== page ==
London city planners have given a controversial new landmark the green light.
Dubbed "The Tulip", the glass viewing tower will rise over 300 metres above the UK capital.
Designers Foster + Partners say the building will become western Europe's second-tallest tower and will only be beaten by the nearby "Shard" building.
"The Tulip would enhance The Gherkin, one of London's most cherished and recognisable buildings and offer a new state-of-the-art cultural and educational resource for Londoners and tourists," said the designers.
But the plans have not been without controversy. Some say the building will block views of the Tower of London, and there are concerns from London City airport that it would interfere with radar coverage, Reuters reported.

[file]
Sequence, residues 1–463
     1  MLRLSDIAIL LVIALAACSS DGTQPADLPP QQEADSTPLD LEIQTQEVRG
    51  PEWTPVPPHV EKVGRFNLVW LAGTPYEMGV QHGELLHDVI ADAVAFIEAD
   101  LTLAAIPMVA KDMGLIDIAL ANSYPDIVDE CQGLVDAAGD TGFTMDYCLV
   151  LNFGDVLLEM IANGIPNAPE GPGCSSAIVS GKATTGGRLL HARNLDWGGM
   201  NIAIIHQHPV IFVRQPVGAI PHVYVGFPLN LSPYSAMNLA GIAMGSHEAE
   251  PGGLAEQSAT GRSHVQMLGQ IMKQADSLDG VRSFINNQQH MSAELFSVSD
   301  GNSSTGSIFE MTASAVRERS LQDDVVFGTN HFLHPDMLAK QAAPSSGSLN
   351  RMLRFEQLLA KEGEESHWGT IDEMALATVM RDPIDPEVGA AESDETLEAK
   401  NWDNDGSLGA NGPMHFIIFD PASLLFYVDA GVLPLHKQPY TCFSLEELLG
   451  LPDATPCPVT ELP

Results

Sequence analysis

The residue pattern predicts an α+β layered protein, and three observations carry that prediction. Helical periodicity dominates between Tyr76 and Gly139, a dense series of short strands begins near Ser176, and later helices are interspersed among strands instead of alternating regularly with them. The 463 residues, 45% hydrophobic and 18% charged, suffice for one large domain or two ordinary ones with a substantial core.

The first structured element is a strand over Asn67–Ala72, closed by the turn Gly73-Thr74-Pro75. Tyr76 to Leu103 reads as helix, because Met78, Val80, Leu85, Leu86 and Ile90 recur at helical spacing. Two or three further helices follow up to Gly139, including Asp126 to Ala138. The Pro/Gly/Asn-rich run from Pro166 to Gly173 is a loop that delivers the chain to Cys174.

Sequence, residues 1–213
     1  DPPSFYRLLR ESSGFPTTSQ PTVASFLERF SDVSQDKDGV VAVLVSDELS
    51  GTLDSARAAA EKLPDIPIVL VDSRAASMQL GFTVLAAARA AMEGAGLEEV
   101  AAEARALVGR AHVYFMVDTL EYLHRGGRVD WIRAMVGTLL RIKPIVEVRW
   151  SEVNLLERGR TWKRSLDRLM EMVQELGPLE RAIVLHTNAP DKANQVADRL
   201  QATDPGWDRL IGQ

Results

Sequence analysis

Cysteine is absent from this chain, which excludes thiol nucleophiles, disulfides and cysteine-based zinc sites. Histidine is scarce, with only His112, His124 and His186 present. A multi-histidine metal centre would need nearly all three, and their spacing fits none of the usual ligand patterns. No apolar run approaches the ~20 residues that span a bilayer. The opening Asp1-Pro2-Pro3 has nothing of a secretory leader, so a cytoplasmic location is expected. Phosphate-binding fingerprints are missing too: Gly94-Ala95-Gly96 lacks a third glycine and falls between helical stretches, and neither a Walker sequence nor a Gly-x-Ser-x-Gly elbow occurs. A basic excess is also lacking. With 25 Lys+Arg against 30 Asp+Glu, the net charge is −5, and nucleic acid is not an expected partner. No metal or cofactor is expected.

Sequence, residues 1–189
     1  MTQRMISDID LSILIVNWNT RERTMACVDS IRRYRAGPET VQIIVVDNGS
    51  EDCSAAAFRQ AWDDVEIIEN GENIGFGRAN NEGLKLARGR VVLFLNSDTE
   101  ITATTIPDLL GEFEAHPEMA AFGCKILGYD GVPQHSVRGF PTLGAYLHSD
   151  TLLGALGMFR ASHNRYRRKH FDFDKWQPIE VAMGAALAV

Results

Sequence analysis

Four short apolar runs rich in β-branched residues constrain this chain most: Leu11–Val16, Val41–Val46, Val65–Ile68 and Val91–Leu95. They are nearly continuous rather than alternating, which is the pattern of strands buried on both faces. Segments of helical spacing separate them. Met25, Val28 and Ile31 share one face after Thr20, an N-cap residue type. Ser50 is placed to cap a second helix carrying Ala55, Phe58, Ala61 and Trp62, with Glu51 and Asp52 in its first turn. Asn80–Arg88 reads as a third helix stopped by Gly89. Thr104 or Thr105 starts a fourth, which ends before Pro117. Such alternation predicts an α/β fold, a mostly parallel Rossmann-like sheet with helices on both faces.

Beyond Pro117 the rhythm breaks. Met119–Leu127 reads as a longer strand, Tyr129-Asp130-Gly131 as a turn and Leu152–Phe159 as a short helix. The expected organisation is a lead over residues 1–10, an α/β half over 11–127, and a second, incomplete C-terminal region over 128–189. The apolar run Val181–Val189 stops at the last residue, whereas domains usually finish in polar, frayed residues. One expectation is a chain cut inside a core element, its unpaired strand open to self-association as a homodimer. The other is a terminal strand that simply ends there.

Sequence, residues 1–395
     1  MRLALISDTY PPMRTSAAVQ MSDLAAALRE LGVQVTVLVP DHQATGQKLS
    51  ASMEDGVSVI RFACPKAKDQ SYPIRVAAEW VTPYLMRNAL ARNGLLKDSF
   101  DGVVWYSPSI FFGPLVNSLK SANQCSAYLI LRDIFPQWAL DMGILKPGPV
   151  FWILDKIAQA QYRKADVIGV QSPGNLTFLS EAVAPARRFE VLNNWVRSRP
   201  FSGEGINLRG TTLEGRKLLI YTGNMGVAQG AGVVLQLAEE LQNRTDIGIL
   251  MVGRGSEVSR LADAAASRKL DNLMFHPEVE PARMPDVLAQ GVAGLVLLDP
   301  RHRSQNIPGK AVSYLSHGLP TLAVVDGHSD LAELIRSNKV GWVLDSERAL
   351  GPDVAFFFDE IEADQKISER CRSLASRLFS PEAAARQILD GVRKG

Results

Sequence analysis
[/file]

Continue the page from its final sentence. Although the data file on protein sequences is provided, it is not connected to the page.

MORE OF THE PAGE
Duncan Wilson, chief executive of Historic England, told the Evening Standard: "This building – a lift shaft with a bulge on top – would damage the very thing its developers claim they will deliver – tourism and views of London's extraordinary heritage."
But the City of London has decided to give the go-ahead to the structure. It now goes before the mayor of London.
The building comprises a glass viewing platform; gondola pod rides on the façade and an education centre which will offer 20,000 free places per year for London's state school children.
Norman Foster, who is the founder and executive chairman of Foster + Partners said the building "is in the spirit of London as a progressive, forward-thinking city".
"It offers significant benefits to Londoners and visitors as a cultural and social landmark with unmatched educational resources for future generations."
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